My mom is insanely talented when it comes to birthday celebrations. She puts such loving…
A Brunch Classic: Steak and Eggs
It’s amazing the power that purchasing can have. By that I mean, after going to Whole Foods and buying a huge beef chuck blade for only $5, my mood couldn’t have been better. This cut is thick, tender, and creates amazing juices when resting. Plus, it’s cost-effective! I couldn’t wait to cook these, but fried chicken was Troy’s birthday dinner request, thus, I began waiting. Steak and eggs, here we come.
The time has finally arrived! My steak is sitting on my counter, coming to room temperature as we speak. For those of you who may not know, never take your meat directly from the fridge to the pan. If you do so, it will be harder to achieve a solid, even cook. You need the center of it to become the same temperature as the edges for the best results. Let it sit for about 20 minutes, maybe 30 if needed, then cook it (in a pan that’s nice and hot, of course). Now I know this post is titled A Brunch Classic, but I’m actually making this for dinner right now.
Beef chuck blade
As my meat rests, I’m starting to caramelize some onions. Heat a little bit of olive oil (I’m using basil flavored) and butter; once the pan is hot toss in the garlic and onion. I’ve kept the heat on a solid medium high because I want them to be golden brown and soft. My patience is always tested when it comes to caramelizing onions. I want to be doing something as they cook when in fact you just need to let ’em do their thing. Totally worth it though, because then you get this:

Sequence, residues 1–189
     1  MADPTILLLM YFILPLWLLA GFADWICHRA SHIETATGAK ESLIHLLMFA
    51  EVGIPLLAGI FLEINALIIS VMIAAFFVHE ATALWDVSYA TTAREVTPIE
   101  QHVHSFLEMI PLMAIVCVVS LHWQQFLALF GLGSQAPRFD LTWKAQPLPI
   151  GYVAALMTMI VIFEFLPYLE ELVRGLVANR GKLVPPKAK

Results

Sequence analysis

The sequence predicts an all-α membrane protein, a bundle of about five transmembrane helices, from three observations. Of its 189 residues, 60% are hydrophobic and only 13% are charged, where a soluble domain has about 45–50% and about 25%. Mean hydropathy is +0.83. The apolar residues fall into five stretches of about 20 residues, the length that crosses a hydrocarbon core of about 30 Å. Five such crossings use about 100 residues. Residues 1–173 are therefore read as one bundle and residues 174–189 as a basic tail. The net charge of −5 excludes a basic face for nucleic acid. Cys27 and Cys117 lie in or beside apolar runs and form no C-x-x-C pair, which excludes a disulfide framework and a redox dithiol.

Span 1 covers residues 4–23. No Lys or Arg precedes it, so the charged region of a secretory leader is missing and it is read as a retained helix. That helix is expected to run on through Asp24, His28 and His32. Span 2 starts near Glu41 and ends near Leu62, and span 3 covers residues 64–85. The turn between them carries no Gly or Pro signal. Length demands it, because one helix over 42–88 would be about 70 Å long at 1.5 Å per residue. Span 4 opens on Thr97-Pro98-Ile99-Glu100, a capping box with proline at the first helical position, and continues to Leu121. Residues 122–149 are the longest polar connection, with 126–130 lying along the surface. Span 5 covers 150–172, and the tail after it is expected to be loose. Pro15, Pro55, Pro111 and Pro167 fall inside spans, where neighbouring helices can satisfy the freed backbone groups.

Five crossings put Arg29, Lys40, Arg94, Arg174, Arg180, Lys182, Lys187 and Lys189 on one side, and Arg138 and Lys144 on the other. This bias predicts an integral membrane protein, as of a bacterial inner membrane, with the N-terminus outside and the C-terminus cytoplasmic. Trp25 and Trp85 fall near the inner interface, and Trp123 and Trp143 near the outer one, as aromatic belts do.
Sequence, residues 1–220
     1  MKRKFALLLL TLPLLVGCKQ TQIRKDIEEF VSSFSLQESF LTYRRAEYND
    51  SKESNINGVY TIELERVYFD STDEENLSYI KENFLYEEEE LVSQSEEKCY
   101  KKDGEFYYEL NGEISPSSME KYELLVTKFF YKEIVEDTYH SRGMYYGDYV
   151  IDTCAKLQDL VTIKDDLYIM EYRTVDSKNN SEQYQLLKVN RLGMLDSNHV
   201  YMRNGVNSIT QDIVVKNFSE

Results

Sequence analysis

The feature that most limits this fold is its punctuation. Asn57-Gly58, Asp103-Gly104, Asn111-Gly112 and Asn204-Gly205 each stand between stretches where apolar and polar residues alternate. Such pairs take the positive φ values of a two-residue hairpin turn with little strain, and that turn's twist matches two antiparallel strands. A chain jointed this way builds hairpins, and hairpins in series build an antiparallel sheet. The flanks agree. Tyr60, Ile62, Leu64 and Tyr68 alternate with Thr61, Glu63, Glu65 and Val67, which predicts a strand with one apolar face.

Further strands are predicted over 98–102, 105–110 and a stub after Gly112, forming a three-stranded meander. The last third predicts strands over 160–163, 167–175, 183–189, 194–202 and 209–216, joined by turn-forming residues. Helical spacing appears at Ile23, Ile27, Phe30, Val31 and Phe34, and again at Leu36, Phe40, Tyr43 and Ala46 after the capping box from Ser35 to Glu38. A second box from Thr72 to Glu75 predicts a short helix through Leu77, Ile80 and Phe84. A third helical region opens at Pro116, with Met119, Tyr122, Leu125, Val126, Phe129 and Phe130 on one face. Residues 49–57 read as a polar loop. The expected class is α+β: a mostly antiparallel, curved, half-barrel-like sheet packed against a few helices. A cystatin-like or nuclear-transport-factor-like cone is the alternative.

For the steak, I want to keep it simple. I have beautiful, coarse sea salt from Hawaii (!) that Emily brought back for me and I want that to highlight the natural flavors of the meat. I’m so sad, I’m out of coarse pepper that I can grind, so begrudgingly I’m going to deal with normal shaker pepper. Pat, don’t rub, in the seasoning and that’s it! As much as I love concocting some fragrant marinade, I’m keeping it simple today.
At this point, start heating a pot of water for poaching the eggs.
I cooked the steak in my cast iron Le Creuset pan, the same one my onions were caramelizing in. If you like your onions more crunchy, try cooking your steak first. While it rests, throw your onions into the same pan the steak was just in so they absorb all the flavor. I wanted my onions to saute low and slow which is why I did them first. For the meat, I only used butter today. Usually I do a mix of olive oil and butter, but this is such a thick cut that I want it to be super juicy.
Lay in the meat and let your mouth water over that sizzling sound. Avoid flipping it over and over, one flip should do! After that flip, lay in some thyme and sage, add in some more butter, and begin basting. I didn’t do this today, but sometimes I like slicing a few cloves of garlic and rubbing them on the meat.
Once your water is boiling, start poaching your eggs. I’ve seen lots of debate over adding vinegar or not, and honestly I don’t think it makes a huge difference. I’ve done it both ways, so do what you’re used to! Sometimes I feel like people are intimidated by poaching eggs when in fact it’s crazy easy. Boil your water and get a gentle swirl going as you turn it down just a tad before adding the egg. Crack your egg in something that makes it easy to dip them in water. I use a quarter cup. Bring the cup to the water and slowly let the egg slide into the water. Help the whites along by pushing them to gently cover the yolk, then leave it be. It should only cook for about a minute or two, so keep an eye on it.
When you’re happy with the level your steak is cooked, take it out and let it rest. Resting juices are one of my favorite parts of steak – it’s so flavorful! When it’s ready, place the steak on a plate, top with the onions, then position the egg on top of it all and garnish with chives.
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